Carnival Club – Magdalena’s Cape

Woven from the threads of numerous flavours which alone instinctively grab attention, the Carnival Club sound is a tapestry which certainly on the UK rocker’s debut EP, Magdalena’s Cape, blossoms from a rich first temptation to a lustfully devoured introduction thereon in. It is an infestation of the imagination nurtured in the creative mystique of prog rock, the hearty emotion of blues rock, the bold roar of sixties punk, and the hazy climate of psych rock. In truth, it is all that and more in a proposal and release which is as fresh and striking as it is the return of familiar sonic strains; an EP which offers the potential of a new essential force from within the ever pregnant Manchester music scene.

Emerging April 2016, the quartet of Eddie Moxon, George Peel, Joe Lodge, and Kai Jon Roberts quickly made a potent impression on the local scene. Now national awareness is being readied and stirred by the outfit’s maiden EP, its mature presence and rich web of sound belying the youth of its creators whilst consuming ears in an adventure bordering on the essential.

Opener House of Cards instantly entwines ears in one spicy groove, its psych blues tang soon aligned to the heavy throb of bass and crisply landing beats. Vocals make for just as potent bait as the song almost crawls into view before settling into a boisterous rock ‘n’ roll shuffle. With every groove and melodic tendril seemingly becoming thicker and richer in psychedelic/hard rock tenacity as impressive vocals equally grow in energy and presence, the EP quickly becomes a captivating proposal only increasing its grip as Mistakes Troubles and Kisses takes over.

The second track has a lighter touch compared to the heavy presence of its predecessor but an infectious swing built on pure rock muscle and emotive intensity. Its pop rock temptation is as much modern indie as it is seventies heavy rock, another fusion already revealing the kaleidoscopic canvas of the Carnival Club songwriting and sound. Its inescapably catchy body and unpredictable but fluid twists only seduce, passing on a willing submission to its bold charms to the following You’re So Hostile. It is a track even more virulently infectious with its eighties pop hooks and brooding rhythmic seducing which within seconds has the body bouncing and hips swerving with its flirtatiously weighty stroll while roaming the psyche like a blend of The Cult, My Baby, and The Doors; essences of Hendrix and goth rock only adding to its best track grabbing magnificence.

The EP’s title track steps forward next, Magdalena’s Cape a mellow caress wrapped in psychedelic wooziness and prog rock musing but with a tart spicing to its melodic  tempting, kind of like a distantly related fusion of The Jesus and Mary Chain and The Electric Prunes to try and give an impression of its sultry beauty.

Another mighty moment comes with the EP’s closing track, Headache a web of crunchy riffs and imposing textures around prowling vocals and stalking rhythms complete with sixties bred punk rapacity. Those stabbing riffs alone ignite the passions, the scythes of guitar and predacious grooves of bass escalating the primal attraction as the ever magnetic vocals seal the devilish deal on offer between song and listener.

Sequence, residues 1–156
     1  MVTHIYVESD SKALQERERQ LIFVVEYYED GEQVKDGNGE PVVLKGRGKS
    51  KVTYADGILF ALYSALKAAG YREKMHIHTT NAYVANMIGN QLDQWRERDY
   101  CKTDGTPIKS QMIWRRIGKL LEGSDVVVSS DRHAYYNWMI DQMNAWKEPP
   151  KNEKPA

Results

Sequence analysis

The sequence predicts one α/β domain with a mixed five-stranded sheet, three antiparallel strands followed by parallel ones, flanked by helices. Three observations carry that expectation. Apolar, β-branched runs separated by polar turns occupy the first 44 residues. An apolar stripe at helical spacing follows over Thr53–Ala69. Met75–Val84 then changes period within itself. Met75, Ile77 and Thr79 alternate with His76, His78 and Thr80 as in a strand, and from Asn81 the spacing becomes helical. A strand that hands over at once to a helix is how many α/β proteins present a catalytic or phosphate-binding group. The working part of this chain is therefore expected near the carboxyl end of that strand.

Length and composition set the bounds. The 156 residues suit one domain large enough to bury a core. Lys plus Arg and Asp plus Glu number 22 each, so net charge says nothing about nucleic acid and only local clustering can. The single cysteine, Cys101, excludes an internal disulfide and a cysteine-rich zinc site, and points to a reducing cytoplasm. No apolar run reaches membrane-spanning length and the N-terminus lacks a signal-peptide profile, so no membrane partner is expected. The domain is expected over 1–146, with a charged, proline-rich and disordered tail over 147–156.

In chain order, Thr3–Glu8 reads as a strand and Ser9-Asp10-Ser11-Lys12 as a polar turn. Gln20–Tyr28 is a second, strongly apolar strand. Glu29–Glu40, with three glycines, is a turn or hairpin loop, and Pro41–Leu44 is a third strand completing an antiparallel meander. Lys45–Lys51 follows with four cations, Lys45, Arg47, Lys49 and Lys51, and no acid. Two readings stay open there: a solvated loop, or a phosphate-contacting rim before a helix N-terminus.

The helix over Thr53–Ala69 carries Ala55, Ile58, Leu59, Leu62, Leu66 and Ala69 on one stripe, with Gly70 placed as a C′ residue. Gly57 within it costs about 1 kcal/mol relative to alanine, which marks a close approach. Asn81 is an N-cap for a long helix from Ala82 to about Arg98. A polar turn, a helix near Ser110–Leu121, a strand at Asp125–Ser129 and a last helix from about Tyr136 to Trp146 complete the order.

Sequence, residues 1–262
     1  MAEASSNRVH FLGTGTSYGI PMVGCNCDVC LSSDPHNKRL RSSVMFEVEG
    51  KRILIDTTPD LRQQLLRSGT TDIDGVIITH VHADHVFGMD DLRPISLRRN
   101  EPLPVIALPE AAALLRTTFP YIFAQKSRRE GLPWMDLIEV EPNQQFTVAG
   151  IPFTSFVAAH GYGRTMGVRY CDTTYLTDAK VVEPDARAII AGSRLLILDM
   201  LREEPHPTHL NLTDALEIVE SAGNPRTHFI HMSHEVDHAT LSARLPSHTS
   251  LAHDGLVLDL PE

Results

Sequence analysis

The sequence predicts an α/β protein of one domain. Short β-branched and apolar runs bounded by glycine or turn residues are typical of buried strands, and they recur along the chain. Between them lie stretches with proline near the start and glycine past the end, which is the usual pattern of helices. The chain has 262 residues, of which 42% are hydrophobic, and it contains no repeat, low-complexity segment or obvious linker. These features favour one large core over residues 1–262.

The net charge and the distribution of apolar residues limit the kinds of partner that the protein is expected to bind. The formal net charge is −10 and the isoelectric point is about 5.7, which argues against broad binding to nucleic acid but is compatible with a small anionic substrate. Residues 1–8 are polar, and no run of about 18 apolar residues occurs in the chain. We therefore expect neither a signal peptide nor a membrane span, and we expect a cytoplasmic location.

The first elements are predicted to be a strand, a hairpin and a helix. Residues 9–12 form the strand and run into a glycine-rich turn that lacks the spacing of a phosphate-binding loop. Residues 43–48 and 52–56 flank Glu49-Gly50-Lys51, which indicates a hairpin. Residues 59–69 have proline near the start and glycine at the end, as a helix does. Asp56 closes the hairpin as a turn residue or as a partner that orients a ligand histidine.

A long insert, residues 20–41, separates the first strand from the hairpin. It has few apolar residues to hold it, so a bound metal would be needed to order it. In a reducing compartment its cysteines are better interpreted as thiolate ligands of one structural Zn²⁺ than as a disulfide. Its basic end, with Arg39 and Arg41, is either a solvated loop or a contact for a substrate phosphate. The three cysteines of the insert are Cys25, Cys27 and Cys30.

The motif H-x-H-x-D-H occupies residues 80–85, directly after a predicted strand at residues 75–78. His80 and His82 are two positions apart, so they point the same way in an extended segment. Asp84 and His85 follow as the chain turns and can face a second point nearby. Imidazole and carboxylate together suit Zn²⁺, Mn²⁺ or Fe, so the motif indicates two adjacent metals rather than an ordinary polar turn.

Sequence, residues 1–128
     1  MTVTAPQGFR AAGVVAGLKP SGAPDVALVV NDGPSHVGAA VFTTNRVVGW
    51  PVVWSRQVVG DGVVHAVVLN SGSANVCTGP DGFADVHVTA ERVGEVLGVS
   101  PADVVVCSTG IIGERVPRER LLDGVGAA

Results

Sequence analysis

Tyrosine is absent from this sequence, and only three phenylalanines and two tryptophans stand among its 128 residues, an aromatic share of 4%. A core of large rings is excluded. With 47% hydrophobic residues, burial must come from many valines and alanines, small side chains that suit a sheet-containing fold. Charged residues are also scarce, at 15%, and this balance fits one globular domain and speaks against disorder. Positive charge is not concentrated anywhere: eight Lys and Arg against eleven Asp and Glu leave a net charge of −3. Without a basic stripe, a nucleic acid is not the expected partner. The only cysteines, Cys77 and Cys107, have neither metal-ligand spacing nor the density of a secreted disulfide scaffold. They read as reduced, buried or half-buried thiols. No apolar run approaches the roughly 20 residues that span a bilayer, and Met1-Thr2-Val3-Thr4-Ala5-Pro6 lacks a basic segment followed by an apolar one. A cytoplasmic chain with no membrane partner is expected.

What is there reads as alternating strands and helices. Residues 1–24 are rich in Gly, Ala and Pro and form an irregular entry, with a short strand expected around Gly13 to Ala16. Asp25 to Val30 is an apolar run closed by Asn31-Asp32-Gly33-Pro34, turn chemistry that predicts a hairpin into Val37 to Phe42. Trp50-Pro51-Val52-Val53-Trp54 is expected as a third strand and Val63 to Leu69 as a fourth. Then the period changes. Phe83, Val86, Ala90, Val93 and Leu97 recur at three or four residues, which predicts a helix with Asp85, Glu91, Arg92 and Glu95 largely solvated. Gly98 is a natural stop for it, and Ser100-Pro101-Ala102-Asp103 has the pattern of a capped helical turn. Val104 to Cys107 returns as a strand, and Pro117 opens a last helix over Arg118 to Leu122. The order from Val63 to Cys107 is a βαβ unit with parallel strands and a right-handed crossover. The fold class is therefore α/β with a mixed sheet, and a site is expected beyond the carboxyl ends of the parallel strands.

It is a masterful and irresistible end to a just as successful release, one still carrying the potential of bigger, bolder, and greater successes ahead for Carnival Club. Magdalena’s Cape is the declaration of something mouth-watering and truly exciting breaking out within the northern music scene. With more of the same, national attention is surely guaranteed and with the realisation of the raw promise within, watch out world.

Magdalena’s Cape is out now through Demolition Diner Records as a digital download, on CD with an additional Ltd Gatefold CD version, and on Ltd Vinyl @ https://carnivalclub.bandcamp.com/track/magdalenas-cape

https://www.facebook.com/carnivalclubuk    https://twitter.com/carnivalclubuk

Pete RingMaster 16/05/2017

Copyright RingMaster: MyFreeCopyright

High Tiny Hairs – LP

HTH_RingMasterReview

It is fair to say that High Tiny Hairs do not waste too much time thinking about names for their releases, their introduction being called EP and a debut album going by the name of LP, their names the distinction between two self-titled proposals. Where they do centre their attention is on a sound which tantalises and captivates. Creating a compelling mix of garage and psych rock as sultry as it is infectious, the band captured ears and imagination with their first EP, a tempting which has blossomed into something even more beguiling in its full-length successor.

The beginnings of High Tiny Hairs came in the spring of 2014, the band starting out as a solo project for Minneapolis songwriter/vocalist/guitarist Ben Bachman. He recorded and produced the High Tiny Hairs EP soon after before joining US garage rock band Fuck Knights on their European tour prior to its release. It was on the Spanish leg of that adventure where he met Spanish troubadour Cristina Mirica and found a union in music and loves. They kept in touch after his return to America, an emotional bond growing which Bachman put down to the cure to his writers block. Towards the end of that year, he returned to Spain and Mirica, the pair also creatively uniting for what stands before us, the band’s magnetic first album.

Mixed by Ross Nueske, the album opens up with Bcna, guitars quickly wrapping engagingly around ears as the warm serenade of keys flirt with the senses. Seriously catchy from its first breath, the song only grows in tempting as Mirica’s warm tones joins the swagger of bass and crisp beats. There is a surf rock scenting to the track alongside its sixties flavoured garage pop, a mix which has hips and appetite dancing and all warmed up for the just as lively and enjoyable stroll of Upside Down. Hooks and melodies entangle as rhythms bound with an irresistible swagger, Bachman’s vocals and keys sauntering along the infection loaded encounter.